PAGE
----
A mini housing manifesto, launched on Tuesday by Labour’s shadow housing secretary John Healey, says that, if elected, the party would start work on a new generation of new towns and garden cities "within the next Parliament, delivered by New Homes Corporations based on reformed new towns legislation".
The manifesto adds that the party would "consult widely with local areas on the best location for new settlements, and explore the potential for urban extensions to existing towns and cities".
Labour would begin consultation on a new generation of new towns within a year of taking office, the document says.
The document also repeats pledges made in Labour's main manifesto, including that a Labour government would establish a Department of Housing and build 1000,000 new "genuinely affordable homes to rent and buy" a year by 2020.
"Ministers will be challenged at each step by a new OBR-style Office for Housing Delivery - an independent auditor of housebuilding projections, delivery plans and progress against government targets," the document says.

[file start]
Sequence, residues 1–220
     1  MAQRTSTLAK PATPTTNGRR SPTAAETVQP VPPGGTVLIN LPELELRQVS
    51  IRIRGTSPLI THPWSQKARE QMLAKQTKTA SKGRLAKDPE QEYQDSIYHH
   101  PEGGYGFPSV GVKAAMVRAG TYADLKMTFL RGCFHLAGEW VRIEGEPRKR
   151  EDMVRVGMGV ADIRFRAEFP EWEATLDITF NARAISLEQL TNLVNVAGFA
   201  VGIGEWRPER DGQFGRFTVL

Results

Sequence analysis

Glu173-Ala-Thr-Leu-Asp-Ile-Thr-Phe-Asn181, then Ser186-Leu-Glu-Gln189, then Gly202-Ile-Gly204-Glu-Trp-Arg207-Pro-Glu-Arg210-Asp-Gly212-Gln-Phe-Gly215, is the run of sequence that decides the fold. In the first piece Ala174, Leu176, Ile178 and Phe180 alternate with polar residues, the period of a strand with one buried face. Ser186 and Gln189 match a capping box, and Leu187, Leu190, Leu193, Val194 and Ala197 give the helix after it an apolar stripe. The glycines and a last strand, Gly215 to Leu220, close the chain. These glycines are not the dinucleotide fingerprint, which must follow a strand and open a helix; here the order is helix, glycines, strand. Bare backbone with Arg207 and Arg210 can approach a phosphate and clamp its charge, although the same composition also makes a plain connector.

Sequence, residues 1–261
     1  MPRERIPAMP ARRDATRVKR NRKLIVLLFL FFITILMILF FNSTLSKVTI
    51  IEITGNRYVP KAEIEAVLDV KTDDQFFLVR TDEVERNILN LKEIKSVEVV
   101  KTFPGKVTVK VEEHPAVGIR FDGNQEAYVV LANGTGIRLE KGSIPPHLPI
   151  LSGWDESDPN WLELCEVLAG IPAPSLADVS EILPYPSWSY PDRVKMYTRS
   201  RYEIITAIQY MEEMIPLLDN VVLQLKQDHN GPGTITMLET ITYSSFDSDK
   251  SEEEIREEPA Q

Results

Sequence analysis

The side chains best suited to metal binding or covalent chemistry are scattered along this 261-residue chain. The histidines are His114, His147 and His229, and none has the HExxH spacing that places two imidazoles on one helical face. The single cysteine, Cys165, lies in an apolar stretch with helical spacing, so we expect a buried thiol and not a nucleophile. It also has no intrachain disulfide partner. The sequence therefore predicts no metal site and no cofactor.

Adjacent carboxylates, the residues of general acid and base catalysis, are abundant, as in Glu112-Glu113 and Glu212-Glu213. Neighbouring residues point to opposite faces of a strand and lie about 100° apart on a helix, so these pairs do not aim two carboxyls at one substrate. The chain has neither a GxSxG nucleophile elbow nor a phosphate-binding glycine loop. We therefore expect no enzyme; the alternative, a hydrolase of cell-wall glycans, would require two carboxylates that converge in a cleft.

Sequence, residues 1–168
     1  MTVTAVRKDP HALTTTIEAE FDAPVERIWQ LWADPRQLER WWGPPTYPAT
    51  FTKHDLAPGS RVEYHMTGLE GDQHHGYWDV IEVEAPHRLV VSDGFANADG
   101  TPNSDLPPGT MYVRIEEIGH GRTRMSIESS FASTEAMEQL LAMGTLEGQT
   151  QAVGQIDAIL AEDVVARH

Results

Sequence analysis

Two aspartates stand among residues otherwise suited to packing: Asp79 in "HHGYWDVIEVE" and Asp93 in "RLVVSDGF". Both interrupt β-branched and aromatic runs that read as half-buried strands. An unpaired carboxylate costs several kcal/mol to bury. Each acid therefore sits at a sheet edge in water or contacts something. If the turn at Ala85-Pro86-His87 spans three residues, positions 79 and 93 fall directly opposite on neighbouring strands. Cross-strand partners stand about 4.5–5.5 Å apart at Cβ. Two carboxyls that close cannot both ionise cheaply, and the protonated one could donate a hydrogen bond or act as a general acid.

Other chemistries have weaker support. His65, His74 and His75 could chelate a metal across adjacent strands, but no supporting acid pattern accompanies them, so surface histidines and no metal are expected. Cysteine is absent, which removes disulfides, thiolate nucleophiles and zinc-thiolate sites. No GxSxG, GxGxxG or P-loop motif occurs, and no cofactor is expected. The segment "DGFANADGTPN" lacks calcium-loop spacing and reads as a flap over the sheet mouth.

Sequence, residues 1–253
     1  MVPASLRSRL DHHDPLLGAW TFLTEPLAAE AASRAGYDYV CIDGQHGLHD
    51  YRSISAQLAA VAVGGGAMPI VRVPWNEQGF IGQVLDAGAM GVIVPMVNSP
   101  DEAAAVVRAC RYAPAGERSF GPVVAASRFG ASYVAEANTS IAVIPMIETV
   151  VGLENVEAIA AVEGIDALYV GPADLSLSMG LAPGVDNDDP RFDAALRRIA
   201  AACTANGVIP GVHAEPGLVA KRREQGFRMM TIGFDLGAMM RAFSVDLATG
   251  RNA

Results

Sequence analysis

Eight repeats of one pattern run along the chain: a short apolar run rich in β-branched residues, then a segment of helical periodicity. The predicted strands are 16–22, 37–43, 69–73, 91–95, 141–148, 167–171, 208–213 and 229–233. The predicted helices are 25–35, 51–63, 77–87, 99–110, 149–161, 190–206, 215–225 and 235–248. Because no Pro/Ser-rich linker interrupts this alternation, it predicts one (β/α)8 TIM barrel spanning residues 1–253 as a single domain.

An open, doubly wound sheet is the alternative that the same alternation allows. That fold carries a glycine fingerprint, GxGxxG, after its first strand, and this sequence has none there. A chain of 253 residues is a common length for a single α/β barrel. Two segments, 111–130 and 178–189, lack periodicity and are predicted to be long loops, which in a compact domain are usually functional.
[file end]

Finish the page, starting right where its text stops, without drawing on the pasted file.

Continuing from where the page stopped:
A Labour government would set the new department a target of building at least one million new homes in England over the course of the next Parliament, the manifesto says.
"We will set a further target that by 2022 we will reach and then sustain housebuilding at a level of 250,000 homes a year," the document adds. This is in line with a commitment contained in the Conservative Party's election manifesto.
The document says that, within a year of taking office, a Labour government would publish a Housing and Planning Bill "setting out the legal changes needed for our programme, including new powers for local authorities, updated new towns legislation and new rights for private renters".
Revised planning rules and guidance to support the delivery of more affordable homes through the planning system would be published within the first year of a Labour government, the document adds.
Healey said that the proposals represent "a bold, long-term plan for housing to help those being let down most by a broken housing market and failing Conservative policy – young first-time buyers, private renters and people needing new social rented homes".
Labour leader Jeremy Corbyn added: "A Labour government will start on fixing the housing crisis immediately. High prices, excessive rents and the chronic lack of affordable housing are ruining the lives of young people, families and aspiring homeowners."
This article first appeared on the Planning Resource website.